US 6412670 B1
An apparatus for making molded candles from wax pieces of old candles or new candle-making wax. The candle making apparatus comprising an electrically heatedmelting chamber from which melted wax flows into an attached dispensing chamber and a valving mechanism which, when turned by hand, allows a pre-set amount of melted wax to flow into a removable mold, eliminating the need for measuring by the user. The apparatus accomodates making candles of different volumes, whereby the removable molds may be filled by the user of the apparatus by executing a predefined number of turns of the valving mechanism. The removable mold also functions to hold the candle wick in plan, and may be made to form candles of various shapes and sizes.
1. A candle making apparatus comprising.
a) a hollow melting chamber having an open top, to allow said melting chamber to be filled with candle wax, and a bottom having an opening to allow molten wax to be discharged therefrom,
b) a wax dispensing chamber locatable beneath said melting chamber such that molten wax may flow from said melting chamber into said dispensing chamber, said dispensing chamber having a predetermined volume and means to allow discharging such predetermined volume of molten wax therefrom by an action of the user so that a single volume or multiple volumes of wax may be dispensed,
c) at least a singular heater element locatable in close proximity of said melting chamber to melt wax placed in said melting chamber and to maintain a liquid state of wax in said dispensing chamber,
d) a casting mold placed so that molten wax discharged from said dispensing chamber may enter said casting mold and cool to form a candle, whereas said casting mold may be made in various shapes and sizes,
e) a candle wick insertable into said candle mold and means for supporting said candle wick within said candle mold so that molten candle wax may solidify around it,
whereby candles of a variety of sizes and shapes may be formed either by recycling partially used candles or using new candle wax.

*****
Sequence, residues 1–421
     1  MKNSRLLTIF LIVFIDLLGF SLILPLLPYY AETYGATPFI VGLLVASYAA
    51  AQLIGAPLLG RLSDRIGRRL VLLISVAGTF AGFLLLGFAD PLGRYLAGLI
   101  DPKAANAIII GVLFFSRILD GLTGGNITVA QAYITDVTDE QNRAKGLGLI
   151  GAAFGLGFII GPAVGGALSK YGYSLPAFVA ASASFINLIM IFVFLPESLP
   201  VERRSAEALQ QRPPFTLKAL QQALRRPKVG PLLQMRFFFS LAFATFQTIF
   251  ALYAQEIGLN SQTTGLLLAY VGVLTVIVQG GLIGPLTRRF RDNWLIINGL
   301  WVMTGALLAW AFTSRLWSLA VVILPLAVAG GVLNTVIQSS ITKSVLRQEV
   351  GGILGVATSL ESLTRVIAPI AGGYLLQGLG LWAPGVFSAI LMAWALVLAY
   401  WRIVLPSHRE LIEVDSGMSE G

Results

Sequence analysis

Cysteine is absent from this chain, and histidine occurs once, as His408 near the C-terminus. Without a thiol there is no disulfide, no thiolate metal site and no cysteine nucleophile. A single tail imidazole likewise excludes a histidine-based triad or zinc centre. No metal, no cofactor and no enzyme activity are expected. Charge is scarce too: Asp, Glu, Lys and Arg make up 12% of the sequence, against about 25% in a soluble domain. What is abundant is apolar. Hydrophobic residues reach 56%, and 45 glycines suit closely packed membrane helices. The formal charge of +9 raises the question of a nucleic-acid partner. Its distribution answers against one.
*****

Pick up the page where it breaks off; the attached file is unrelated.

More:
2. The candle making apparatus of
3. The candle making apparatus of
4. The candle making apparatus of
5. The candle making apparatus of
whereby said sealing discs serve to open or close said angularly displaced openings in said dispensing chamber in such a manner that the top and bottom openings are never fully or partially open at the same time thereby allowing said wax dispensing chamber to be filled in one angular position of said valve body and to be emptied in another angular position of said valve body.
6. The candle making apparatus of
7. The candle making apparatus of
8. A candle making apparatus comprising:
a) a hollow heating container with an open top and having an opening at the bottom so said container may be filled with candle wax, heated, and the melted wax subsequently discharged therefrom,
b) a measuring container positioned below said heating container and attached thereto so said measuring container may receive molten wax from said heating container, said measuring container having a pre-established volume and an opening at each of its top and bottom surfaces, said openings being openable independently but never at the same time, allowing single or multiple volumes of molten wax to be dispensed therefrom by an action of the user
c) at least a singular heating element surrounding and in contact with said heating container for the purpose of melting wax placed into said heating container,
d) a candle mold placed beneath said measuring container to receive molten wax therefrom for cooling and solidifying to form a candle and
e) a candle wick and a means of supporting said candle wick of a suitable length within said candle mold
whereby candles of a variety of sizes and shapes may be formed either by recycling partially used candles or using new candle wax.
9. The candle making apparatus of
10. The candle making apparatus of
11. The candle making apparatus of
12. The candle making apparatus of
13. The candle making apparatus of
14. The candle making apparatus of
15. The candle making apparatus of
16. The candle making apparatus of
17. The candle making apparatus of
18. A method of making candles comprising the steps of:
a) providing a hollow melting chamber wherein pieces of candle wax may be placed,
b) heating said melting chamber so that wax placed within it may be melted,
c) providing an opening in the bottom surface of said melting chamber from which molten wax may exit,
d) attaching a cylindrical dispensing chamber to the bottom surface of said melting chamber, said dispensing chamber having a hole in its top surface in substantial alignment with the hole in the bottom surface of said melting chamber so that molten wax discharged from said melting chamber may enter said dispensing chamber,
e) providing an opening in the bottom surface of said dispensing chamber from which molten wax may exit,